It's hard for me to know when enough is enough. I live with this every day, I know the symptoms and what they feel like and I know that I probably put up with a lot more than most would even consider but if I didn't, I wouldn't have a life. My Facebook feed would be constant moaning about being ill and let's be honest, it's an t a positive way forward in life. Does this make my suffering less real? No. It just means that I'm not putting it on others and making them deal with it. I see it in "Spoonie" (sick people, look up Spoon Theory) communities it makes me feel frustrated that people are so obsessed with their illnesses, especially when they have no conditions in the first place (known as "Catfish"). It just trivialises the whole thing. Its hard enough having to deal with long term health issues but when people make it a joke, it's like adding a whole new level of justification to an already stretched situation. I know that you can't always see the battles other people face but when people knowingly outwardly lie, it makes me angry.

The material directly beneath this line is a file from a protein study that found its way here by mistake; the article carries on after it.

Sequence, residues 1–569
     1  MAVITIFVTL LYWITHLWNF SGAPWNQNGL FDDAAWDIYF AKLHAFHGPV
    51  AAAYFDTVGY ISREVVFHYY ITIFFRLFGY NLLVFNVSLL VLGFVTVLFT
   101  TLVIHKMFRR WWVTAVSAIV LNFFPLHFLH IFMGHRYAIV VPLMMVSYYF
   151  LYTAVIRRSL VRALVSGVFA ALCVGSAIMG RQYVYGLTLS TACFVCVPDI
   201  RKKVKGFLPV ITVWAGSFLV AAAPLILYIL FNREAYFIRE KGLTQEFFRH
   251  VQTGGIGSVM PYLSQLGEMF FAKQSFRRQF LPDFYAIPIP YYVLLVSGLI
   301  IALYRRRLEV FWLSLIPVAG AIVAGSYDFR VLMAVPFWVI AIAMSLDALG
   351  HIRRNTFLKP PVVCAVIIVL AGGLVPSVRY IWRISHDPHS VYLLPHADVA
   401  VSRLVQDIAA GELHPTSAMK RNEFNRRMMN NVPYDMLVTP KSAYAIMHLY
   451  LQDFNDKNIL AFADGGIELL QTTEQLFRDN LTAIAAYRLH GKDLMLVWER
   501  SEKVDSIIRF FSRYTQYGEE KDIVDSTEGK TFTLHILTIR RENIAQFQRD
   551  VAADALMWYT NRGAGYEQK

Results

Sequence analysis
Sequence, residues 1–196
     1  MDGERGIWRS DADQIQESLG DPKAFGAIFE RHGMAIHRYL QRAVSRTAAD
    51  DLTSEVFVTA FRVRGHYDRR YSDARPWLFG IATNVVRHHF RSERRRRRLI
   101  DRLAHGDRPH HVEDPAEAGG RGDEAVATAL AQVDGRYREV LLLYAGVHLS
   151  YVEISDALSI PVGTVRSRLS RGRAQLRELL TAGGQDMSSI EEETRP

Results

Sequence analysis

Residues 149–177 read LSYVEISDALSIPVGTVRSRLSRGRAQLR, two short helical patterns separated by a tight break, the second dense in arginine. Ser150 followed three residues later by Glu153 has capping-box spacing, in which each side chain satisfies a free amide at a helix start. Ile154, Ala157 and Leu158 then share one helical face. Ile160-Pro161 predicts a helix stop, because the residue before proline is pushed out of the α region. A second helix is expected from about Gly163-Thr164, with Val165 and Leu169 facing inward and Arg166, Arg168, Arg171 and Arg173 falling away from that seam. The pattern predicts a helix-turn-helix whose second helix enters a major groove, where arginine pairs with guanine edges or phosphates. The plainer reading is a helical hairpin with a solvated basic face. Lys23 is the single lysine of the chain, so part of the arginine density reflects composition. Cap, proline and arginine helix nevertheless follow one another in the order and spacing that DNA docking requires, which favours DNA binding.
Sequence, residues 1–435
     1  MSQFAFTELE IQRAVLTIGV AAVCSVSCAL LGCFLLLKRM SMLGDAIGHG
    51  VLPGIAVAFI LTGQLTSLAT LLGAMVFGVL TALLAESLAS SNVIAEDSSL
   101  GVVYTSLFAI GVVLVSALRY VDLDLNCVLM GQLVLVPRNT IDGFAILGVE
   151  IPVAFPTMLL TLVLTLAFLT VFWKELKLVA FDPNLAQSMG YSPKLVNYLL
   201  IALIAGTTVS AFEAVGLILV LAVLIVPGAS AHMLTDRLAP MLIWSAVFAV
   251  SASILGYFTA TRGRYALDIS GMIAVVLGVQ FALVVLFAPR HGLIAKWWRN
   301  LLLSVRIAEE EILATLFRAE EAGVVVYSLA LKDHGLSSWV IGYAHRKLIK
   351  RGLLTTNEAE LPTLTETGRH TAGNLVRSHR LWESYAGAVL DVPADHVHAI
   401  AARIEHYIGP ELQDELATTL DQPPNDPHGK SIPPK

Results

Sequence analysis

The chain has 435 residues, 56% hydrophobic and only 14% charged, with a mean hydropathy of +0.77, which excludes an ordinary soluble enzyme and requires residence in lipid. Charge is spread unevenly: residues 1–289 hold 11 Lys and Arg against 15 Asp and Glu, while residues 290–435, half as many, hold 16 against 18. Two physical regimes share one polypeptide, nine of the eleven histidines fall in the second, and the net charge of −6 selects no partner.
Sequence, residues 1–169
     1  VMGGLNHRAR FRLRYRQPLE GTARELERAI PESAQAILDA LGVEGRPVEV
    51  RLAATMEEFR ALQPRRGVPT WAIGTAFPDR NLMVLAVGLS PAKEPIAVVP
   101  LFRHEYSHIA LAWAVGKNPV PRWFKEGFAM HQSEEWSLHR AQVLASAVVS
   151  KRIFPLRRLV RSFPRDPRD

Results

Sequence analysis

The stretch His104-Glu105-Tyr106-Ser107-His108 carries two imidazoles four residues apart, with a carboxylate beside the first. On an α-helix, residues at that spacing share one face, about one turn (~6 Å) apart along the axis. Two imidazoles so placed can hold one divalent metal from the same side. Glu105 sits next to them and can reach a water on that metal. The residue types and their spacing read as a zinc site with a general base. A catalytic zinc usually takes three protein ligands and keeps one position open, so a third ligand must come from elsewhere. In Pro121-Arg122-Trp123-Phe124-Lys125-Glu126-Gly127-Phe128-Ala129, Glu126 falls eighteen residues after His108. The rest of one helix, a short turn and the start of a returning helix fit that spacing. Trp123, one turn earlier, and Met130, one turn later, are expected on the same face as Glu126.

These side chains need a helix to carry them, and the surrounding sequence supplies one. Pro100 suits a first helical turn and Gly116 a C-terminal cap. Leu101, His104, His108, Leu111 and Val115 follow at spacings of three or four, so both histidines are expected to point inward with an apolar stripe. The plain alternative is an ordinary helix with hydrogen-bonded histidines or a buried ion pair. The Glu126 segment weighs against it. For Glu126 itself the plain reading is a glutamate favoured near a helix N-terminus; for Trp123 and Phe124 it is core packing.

At the moment, my aim is to stay away from the hospital for as long as I can. I spent my last birthday in there and I really wouldn't like to spend yet another one in there, especially if it can be avoided somehow. I know it sounds silly but it was a difficult situation last year and despite friends and family, I still felt alone and having an attack that a more demanding patient wouldn't let the nurses deal with was even worse, I have never heard a nurse tell a patient to wait in such a plain way but I am so glad of it because it would have been a rotten way to spend an evening.

All I can say is thank goodness for the equipment and things we have at home.

Loves
Wendy xx